Grounding in Multi-modal Task-Oriented Collaboration

1 Introduction

This paper describes the first results of a series of experiments on multi-modal computer-supported collaborative problem solving. This research was motivated by our previous work on systems in which a rule-based agent collaborated with a human agent [Dillenbourg92;Dillenbourg94]. Roschelle and Teasley [Roshelle95] defined collaboration as a "Coordinated, synchronous activity that is the result of a continued attempt to construct and maintain a shared conception of a problem" (p. 70). This definition, which is now widely accepted in psychology, is difficult to translate in terms of human-computer collaboration. Precisely, when we experimented with the human-computer collaborative systems mentioned above, we observed various problems due to the difficulty for a human and a machine to share conception of a problem [Dillenbourg95a]. We hence decided to study the social grounding process, i.e. the mechanisms by which common ground is updated and maintained between two collaborating human agents. The experimental setting, as described below in Section 3, does not include audio and video communication in order to adapt the bandwidth to current widely available interfaces for human-computer collaboration. The final goal is to design more powerful collaboration interfaces between a human user and a knowledge-based system, not necessarily by imitating human-human collaboration, but by designing functionally equivalent grounding mechanisms.

This goal gives a special colour to our study of grounding. We are less concerned by the quality of communication between agents, than by the cognitive effects of their interactions. From an efficiency of communication point of view, it would seem to be more advantageous to minimize the necessary effort for actions (such as repairs) aimed primarily at grounding. However, as articulated by [ClarkWilkes-Gibbs86], what is important is not individual effort by the producer or receiver of a communicative act, but the overall Least Collaborative Effort. The cost of producing a perfect utterance may be higher (if it is even possible) than the cost of collaboratively repairing those problems which do arise. Conversely, given our concern for cognitive effects, we would rather talk in terms of Optimal Collaborative Effort. When two partners misunderstand, they have to build explanations, justify themselves, often make explicit some knowledge which would otherwise remain tacit, monitor each other and therefore reflect on their own knowledge, and so forth. These mechanisms are crucial for showing that collaborative learning is sometime more effective than learning alone [Dillenbourg95b]. Thus, the extra effort for grounding, even if it does slow down interaction, may lead to better results in the task which motivated the communication episode, particularly when the task involves learning or negotiation. However, as suggested by the word 'optimal', those grounding efforts have to remain subordinated to the accomplishment of the task, i.e. to the effective need for grounding knowledge.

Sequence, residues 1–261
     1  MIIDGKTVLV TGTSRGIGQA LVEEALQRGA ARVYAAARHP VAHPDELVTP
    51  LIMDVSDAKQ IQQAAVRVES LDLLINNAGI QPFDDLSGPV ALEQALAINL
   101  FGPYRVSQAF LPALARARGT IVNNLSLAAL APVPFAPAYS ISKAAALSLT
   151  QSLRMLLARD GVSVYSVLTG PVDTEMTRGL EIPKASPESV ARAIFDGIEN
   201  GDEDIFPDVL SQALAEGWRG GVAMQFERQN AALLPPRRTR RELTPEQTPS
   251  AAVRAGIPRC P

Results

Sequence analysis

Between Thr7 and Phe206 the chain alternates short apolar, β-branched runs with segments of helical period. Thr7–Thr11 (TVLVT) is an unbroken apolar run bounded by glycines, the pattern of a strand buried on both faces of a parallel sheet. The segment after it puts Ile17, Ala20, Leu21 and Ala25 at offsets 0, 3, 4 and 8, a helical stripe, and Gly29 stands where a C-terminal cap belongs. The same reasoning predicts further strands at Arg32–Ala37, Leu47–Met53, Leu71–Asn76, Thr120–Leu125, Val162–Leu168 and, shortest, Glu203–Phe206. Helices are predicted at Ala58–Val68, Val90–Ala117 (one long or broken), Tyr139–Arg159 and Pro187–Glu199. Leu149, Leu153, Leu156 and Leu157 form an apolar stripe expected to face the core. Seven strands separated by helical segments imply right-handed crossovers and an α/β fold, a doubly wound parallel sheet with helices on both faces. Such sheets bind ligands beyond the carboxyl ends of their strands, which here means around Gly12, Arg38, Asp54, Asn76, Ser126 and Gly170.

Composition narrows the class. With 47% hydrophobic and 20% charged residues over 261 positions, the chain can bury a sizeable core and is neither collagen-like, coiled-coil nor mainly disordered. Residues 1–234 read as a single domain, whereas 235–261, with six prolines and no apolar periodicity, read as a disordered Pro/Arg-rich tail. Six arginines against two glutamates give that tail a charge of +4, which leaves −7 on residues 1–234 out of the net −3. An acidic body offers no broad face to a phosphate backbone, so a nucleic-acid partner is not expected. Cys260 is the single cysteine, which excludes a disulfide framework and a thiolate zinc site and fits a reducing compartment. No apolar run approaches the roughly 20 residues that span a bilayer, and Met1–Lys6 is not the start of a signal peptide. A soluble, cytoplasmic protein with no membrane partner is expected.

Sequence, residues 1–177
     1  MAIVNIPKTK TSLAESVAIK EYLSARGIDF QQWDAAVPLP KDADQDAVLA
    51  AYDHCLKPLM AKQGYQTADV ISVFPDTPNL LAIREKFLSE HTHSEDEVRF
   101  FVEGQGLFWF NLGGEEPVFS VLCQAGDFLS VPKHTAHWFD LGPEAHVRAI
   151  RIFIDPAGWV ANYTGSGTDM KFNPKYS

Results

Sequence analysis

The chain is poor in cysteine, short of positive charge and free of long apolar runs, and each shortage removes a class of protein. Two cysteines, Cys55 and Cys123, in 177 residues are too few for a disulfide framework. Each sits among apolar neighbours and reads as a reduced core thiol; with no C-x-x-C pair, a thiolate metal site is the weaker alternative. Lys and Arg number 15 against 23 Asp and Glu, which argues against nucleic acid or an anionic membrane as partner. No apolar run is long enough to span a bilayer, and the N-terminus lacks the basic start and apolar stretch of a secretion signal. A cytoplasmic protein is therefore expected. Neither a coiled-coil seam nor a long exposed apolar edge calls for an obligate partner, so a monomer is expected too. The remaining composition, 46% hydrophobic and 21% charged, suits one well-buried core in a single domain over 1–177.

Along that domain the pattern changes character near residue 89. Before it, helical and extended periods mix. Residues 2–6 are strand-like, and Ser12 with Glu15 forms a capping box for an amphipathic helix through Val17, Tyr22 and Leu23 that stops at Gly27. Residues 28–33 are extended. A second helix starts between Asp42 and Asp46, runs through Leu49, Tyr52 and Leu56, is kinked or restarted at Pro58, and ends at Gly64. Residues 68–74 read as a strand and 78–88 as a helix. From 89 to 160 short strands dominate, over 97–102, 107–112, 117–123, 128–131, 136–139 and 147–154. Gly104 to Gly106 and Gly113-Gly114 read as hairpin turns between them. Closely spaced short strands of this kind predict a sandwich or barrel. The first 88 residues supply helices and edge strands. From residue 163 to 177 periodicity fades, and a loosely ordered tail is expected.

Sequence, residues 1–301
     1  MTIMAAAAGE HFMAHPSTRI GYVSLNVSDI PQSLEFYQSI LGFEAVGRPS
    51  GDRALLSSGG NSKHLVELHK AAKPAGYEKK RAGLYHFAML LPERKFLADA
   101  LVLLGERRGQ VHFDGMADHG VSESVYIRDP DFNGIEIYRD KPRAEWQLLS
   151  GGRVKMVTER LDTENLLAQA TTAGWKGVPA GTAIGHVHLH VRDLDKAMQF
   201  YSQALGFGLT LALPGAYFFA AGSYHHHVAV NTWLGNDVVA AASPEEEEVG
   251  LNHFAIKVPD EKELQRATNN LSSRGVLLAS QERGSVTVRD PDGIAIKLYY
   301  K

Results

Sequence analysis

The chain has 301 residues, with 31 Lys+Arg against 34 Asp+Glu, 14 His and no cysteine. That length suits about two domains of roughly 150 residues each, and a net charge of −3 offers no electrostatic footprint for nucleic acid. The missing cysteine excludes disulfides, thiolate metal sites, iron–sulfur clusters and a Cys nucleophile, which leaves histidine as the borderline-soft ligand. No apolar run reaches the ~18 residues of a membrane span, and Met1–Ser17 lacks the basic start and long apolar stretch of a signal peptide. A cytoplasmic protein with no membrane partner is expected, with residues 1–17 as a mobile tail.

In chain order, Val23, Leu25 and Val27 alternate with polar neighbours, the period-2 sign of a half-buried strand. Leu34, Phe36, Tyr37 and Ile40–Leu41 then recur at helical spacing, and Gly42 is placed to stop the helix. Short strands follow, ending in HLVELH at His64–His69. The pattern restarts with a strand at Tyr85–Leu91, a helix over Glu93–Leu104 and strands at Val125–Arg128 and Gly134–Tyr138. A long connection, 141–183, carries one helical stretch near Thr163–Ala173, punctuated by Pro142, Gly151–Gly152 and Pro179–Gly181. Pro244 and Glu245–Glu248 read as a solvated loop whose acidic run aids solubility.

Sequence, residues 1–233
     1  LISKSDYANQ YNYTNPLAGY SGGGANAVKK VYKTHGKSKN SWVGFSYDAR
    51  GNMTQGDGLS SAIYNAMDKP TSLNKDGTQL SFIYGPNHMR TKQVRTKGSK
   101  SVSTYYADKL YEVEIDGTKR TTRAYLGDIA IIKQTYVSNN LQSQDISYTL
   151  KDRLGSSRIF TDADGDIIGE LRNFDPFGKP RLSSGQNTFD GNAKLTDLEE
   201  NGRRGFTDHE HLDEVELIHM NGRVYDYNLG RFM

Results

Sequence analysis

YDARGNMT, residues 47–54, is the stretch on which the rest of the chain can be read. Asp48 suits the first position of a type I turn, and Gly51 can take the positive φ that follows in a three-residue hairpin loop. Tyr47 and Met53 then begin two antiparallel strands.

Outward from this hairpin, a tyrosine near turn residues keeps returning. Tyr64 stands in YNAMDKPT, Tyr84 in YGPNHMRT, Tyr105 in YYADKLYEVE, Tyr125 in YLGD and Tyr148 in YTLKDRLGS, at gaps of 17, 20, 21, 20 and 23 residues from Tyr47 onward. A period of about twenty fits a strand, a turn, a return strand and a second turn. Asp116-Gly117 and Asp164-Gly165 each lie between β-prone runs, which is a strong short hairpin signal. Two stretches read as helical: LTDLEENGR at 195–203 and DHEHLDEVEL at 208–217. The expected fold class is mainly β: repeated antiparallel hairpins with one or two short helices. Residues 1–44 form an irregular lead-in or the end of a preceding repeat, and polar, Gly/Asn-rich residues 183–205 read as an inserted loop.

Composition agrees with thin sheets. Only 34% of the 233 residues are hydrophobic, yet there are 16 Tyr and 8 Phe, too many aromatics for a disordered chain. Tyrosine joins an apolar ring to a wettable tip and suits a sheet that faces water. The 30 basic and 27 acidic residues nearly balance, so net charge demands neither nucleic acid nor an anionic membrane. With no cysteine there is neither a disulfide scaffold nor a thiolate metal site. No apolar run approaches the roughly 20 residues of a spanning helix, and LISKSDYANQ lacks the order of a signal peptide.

Grounding in Multi-modal Task-Oriented Collaboration - 3 SEP 1996
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